This summary has been prepared by the WTO Secretariat’s Information and External Relations Division to help public understanding about developments in WTO disputes. It is not a legal interpretation of the issues, and it is not intended as a complete account of the issues. These can be found in the reports themselves and in the minutes of the Dispute Settlement Body’s meetings.



DS618 European Union — Countervailing duties on imports of biodiesel from Indonesia

Indonesia submitted its second request for the establishment of a panel to determine whether countervailing duties imposed by the European Union on imports of biodiesel from Indonesia are in line with WTO rules. The EU said it was not in a position to agree to Indonesia's first request at a DSB meeting on 26 October.  Indonesia reiterated its right to protect its national interests and urged the European Union to bring its measures into conformity with WTO provisions.

The European Union said it believes the measures at stake are fully justified, adding that it is confident its measures will be declared in line with WTO law.

The DSB agreed to the establishment of the panel. The United States, the United Kingdom, Norway, the Russian Federation, Thailand, Singapore, Japan, Canada, China, Argentina and Türkiye reserved their third party rights to participate in the panel proceedings.

DS591 Colombia — Anti-Dumping Duties on Frozen Fries from Belgium, Germany and the Netherlands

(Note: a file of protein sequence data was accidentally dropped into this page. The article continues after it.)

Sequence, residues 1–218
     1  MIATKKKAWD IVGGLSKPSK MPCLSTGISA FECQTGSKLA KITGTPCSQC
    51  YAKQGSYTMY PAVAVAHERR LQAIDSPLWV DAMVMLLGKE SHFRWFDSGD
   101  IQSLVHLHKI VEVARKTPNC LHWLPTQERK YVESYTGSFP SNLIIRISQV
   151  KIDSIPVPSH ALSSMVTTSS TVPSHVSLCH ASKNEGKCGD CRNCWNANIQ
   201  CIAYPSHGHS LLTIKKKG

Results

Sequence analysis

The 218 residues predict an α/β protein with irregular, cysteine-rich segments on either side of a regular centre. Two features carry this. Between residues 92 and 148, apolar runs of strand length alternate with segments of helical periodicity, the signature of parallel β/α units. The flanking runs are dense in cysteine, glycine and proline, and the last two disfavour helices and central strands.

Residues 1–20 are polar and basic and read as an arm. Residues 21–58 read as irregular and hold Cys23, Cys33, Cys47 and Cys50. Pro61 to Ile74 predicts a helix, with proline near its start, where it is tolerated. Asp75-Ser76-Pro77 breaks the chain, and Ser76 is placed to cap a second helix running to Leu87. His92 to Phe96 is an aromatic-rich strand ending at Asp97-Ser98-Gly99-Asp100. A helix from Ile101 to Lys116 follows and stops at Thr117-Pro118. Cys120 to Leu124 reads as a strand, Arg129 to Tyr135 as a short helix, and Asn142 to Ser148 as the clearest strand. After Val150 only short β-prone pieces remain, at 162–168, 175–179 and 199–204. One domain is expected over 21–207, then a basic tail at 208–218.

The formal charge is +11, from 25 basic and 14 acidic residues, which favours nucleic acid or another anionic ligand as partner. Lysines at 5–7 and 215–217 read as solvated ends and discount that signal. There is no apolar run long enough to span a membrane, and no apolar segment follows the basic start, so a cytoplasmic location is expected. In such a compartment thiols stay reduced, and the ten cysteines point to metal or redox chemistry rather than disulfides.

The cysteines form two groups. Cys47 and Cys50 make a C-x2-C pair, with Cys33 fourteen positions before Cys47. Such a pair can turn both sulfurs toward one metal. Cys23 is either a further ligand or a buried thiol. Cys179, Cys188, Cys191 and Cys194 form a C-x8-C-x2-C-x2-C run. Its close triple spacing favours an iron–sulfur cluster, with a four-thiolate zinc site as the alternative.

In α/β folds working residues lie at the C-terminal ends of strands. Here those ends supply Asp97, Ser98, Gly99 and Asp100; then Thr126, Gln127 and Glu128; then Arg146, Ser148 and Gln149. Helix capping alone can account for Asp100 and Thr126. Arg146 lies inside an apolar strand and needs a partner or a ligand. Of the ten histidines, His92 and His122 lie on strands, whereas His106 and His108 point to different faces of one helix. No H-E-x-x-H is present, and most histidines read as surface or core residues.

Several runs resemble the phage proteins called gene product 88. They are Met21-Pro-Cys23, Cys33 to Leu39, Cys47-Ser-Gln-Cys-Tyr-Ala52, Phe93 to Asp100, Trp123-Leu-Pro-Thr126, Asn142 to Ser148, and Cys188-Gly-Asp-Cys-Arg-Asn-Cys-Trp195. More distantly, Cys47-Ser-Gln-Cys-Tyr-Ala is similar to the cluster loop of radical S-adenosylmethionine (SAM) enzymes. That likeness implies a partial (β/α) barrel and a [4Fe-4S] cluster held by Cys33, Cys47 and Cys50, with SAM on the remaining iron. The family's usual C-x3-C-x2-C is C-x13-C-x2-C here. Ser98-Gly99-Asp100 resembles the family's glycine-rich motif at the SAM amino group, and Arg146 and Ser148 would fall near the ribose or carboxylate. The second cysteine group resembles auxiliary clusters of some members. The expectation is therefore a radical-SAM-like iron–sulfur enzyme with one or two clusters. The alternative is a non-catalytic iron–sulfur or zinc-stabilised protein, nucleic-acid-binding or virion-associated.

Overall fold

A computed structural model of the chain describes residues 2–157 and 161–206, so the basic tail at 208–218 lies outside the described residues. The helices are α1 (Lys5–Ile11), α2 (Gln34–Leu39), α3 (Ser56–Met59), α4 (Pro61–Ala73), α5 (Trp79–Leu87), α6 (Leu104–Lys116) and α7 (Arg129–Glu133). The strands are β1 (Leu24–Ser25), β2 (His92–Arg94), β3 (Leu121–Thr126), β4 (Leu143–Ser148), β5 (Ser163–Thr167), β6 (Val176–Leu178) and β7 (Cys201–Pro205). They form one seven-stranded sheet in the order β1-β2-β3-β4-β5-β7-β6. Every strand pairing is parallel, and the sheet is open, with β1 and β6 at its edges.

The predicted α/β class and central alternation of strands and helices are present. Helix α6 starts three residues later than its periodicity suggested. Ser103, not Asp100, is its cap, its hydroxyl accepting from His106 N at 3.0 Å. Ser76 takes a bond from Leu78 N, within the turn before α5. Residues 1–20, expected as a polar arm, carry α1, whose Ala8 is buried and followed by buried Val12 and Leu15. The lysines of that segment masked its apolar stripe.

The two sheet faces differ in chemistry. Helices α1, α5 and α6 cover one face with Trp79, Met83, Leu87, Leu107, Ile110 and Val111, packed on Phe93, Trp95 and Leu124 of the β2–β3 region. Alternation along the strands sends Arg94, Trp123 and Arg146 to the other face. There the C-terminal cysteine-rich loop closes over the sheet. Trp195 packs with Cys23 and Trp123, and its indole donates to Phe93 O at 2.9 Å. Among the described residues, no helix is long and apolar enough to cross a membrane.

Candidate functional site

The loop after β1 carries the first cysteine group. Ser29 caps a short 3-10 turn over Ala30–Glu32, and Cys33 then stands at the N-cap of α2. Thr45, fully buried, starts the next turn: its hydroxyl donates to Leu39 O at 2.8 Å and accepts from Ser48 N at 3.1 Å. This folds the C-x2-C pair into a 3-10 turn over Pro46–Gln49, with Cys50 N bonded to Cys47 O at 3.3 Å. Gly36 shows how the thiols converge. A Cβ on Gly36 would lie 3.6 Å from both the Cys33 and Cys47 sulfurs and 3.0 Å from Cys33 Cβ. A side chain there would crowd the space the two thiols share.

Colombia informed the DSB that on 21 November it published a ministerial resolution which fully implements the recommendations of the DSB in DS591 based on the conclusions of the panel and the  Multi-party interim appeal arrangement (MPIA) arbitration.  Colombia therefore considers that it has implemented all of its obligations as stated in the arbitration award and that it considers this dispute has been successfully resolved. Colombia also said it was happy the MPIA procedure was successfully used for the first time in this dispute, which clearly points out the usefulness and efficiency of this procedure.

The European Union said it was disappointed Colombia did not meet the 5 November deadline agreed by Colombia and the EU for implementing the DS591 ruling and that it reserved its right to express its views on the matter of compliance at a later stage. The EU also said it regretted Colombia has not provided any status report on its progress in implementing the ruling as required by the WTO's Dispute Settlement Understanding.

Appellate Body appointments